Presentation on theme: "Protectionism and the Global Recession Chris Milner School of Economics and GEP University of Nottingham GEP Schools Conference 21 st June, 2010."— Presentation transcript:
Protectionism and the Global Recession Chris Milner School of Economics and GEP University of Nottingham GEP Schools Conference 21 st June, 2010
Introduction A Buy American clause in US economic recovery package proposed by President Obama raised fears that the world would revert to protectionist measures in response to the current world recession –only US iron and steel to be used in projects funded by the package –fear of a return to the trade policy responses witnessed during the Great Depression of the 1930s
Introduction (cont) Fears of domino and retaliation measures across large number of other countries in response to domestic political pressures to limit unemployment at home –increasing number of sector aid packages, greater incidence of anti-dumping measures and more buy national programmes around world –our own previous Prime Minister warned against US bailing out struggling automakers, but also promised British jobs for British workers! But danger that jobs protected by restricting imports would be at the expense of job losses (possibly even greater losses) in export sectors –An eye for an eye makes the whole world blind (Mahatma Gandhi) !
Smoot-Hawley Tariff Act This Act of June 1930 raised US tariffs to historically high levels –originally intended to help US farmers against imports driven up by post - World War I overproduction of agricultural goods –the upward revision of tariffs extended across other sectors as special interest groups lobbied Congress during the Bills passage in to legislation
US Tariff Rates (selected articles), 1921 and 1930 Article 19211930 Raw sugar1.25 cents/lb2.5 cents/lb Cattlefree3 cents/lb Milkfree6.5 cents/gallon Creamfree56.6 cents/gallon Butter2.5 cents/lb14 cents/lb Pig ironfree$1.125/ton Cottonfree7 cents/lb Woolfree34 cents/lb Source: Abraham Berglund, "The Tariff Act of 1930", American Economic Review 20 [Sept. 1930]
Trade Collapse of 1930s By 1933 US imports had fallen to less than one-third of their 1929 level –but US exports also fell by 69% over this same period –in 1933 one in every 4 American workers was out of a job Overall international trade also fell by about 66% between 1929 and 1934 –unemployment rates ranged from 15% to 25% around the world The trade collapse was not due to trade policy alone (some would argue it was a relatively small contributory factor) –but the consensus view is that protectionism was not a desirable (certainly not optimal) component of a policy response to depressed demand conditions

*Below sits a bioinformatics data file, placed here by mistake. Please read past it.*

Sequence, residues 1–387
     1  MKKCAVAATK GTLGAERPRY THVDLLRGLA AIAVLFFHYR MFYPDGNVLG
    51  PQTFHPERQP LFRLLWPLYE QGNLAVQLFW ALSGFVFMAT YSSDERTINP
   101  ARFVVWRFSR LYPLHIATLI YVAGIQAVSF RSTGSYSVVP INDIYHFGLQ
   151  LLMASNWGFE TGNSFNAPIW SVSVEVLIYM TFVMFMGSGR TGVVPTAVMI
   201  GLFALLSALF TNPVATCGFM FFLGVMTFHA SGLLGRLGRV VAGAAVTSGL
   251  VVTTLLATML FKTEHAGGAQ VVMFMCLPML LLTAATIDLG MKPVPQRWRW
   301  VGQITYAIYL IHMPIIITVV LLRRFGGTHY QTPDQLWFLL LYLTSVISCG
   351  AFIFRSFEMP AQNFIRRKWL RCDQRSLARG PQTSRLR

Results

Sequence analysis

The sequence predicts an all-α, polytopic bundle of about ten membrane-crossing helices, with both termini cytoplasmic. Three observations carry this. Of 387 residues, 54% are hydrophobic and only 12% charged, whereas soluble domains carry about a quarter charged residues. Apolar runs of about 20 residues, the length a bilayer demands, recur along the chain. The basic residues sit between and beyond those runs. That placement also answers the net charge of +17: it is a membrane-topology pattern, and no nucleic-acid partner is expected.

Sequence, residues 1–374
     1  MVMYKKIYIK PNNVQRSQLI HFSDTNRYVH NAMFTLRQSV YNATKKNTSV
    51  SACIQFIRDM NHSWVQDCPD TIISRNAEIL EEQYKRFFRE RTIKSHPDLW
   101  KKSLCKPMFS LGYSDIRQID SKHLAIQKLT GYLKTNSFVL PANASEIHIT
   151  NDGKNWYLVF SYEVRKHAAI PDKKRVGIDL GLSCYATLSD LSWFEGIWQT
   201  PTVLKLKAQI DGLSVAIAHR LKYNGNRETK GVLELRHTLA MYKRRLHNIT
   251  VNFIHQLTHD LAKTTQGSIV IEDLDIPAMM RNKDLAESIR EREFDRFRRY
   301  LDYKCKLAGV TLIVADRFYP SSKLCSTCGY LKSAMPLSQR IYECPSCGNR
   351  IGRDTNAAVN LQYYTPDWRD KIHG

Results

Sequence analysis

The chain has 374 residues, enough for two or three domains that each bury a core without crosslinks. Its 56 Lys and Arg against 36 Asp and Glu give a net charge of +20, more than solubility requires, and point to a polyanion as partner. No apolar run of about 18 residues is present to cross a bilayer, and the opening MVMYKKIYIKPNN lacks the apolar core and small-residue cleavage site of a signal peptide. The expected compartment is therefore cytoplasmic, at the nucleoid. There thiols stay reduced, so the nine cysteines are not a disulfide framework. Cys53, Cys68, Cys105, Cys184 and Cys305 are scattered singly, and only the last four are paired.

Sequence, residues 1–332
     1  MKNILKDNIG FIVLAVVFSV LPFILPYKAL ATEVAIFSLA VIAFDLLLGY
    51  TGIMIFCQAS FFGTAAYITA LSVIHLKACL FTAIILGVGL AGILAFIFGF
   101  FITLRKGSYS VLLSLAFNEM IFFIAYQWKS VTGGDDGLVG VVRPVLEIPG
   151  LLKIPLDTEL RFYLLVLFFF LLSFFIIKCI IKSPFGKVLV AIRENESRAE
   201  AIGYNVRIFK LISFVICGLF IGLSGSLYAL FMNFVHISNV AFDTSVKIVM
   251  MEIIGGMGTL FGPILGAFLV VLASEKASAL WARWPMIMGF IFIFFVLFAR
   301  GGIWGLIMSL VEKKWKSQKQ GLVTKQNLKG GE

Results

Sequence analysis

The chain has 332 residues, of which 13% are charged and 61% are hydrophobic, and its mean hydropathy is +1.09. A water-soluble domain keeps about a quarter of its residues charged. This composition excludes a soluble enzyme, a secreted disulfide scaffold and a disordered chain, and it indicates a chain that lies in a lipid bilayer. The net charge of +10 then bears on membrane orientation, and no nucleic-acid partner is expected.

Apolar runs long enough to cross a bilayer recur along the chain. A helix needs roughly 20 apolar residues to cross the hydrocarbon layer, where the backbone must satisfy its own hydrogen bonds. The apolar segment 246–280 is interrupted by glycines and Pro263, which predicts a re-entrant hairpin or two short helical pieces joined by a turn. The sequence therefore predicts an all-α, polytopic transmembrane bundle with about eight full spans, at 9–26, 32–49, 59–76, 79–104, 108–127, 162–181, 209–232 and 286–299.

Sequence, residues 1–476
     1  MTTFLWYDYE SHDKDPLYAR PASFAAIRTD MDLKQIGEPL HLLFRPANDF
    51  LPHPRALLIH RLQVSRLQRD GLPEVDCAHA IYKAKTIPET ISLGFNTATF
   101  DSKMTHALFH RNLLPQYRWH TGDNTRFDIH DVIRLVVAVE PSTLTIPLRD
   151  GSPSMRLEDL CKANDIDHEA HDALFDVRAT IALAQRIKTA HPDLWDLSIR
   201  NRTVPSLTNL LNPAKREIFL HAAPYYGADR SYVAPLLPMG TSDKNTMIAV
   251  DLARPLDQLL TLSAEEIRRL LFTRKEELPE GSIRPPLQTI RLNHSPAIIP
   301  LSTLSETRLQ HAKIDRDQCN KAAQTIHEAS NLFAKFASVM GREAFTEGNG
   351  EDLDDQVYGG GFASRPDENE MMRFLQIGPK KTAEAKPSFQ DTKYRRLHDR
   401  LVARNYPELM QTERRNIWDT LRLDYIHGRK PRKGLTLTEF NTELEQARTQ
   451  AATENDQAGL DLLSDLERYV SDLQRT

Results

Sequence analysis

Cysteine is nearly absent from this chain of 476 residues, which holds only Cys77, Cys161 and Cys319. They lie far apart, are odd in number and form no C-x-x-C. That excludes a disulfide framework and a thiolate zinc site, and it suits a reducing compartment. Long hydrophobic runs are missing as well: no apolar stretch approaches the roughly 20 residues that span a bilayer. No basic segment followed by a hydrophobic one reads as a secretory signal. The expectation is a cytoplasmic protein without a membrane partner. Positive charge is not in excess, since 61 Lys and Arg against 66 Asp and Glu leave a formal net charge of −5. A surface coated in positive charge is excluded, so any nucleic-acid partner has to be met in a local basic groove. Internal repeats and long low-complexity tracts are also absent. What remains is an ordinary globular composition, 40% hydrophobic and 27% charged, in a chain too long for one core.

Recent Trends in Trade World Merchandise Exports as a % of GDP 18201.0 18704.6 19137.9 19299.0 19505.5 197310.5 199817.2 200522.7 (28.1 incl Services)
Theoretical Arguments for Protection? First best –none for small countries, and limited number of cases where international market power present (through country size or international oligopoly in specific sector) Second best –where other objectives could be satisfied or market distortions could be remedied by other (more appropriate/less costly) policy measures Non-arguments –eg cheap labour used by foreign producers
Welfare Effects of a Tariff (small country case) Redistributions – from consumers to producers –from consumers to government/tax authority Net loses –production loss (from protection of inefficient domestic producers) –consumption loss ( from import restriction)
Trade Policy Lobbying? Pressures for protection –relative power of producer and consumer groups –unions and labour- intensive sectors –constraints on use of other policy instruments –retaliation Pressures for liberalisation –institutions and negotiations at regional (eg EU) and international level ( eg WTO) –at national level growth of consumerism influence of multinational corporations external pressure (eg World Bank on developing countries)
Assessment (1): Limited Prospects for Protectionism Some economists/commentators advocate intelligent use of trade policy to manage adjustment costs of recession, but weight of evidence and theory that countries should try to avoid repeat of trade policy mistakes of last major depression Limited by: –experience..that erecting obstacles to trade will make things worse. (Pascal Lamy, Director General, WTO) –international institutions (WTO, EU etc) –greater costs of protection and threat of export losses due to greater openness and interdependence now (e.g. international supply chains) –also more difficult to implement buy national policies now!
Barbie Doll Feenstra and Taylor (2008 Worth Publishers)
Assessment (2): Limited Immediate Prospects for Multilateralism WTO members have been negotiating a further Round (the Doha Round)of multilateral trade reforms since 2001, but prospects for agreement still poor: –complex agenda –many WTO member states –new powers at the table (China, India, Brazil) –growth of regional trade agreements –recession!
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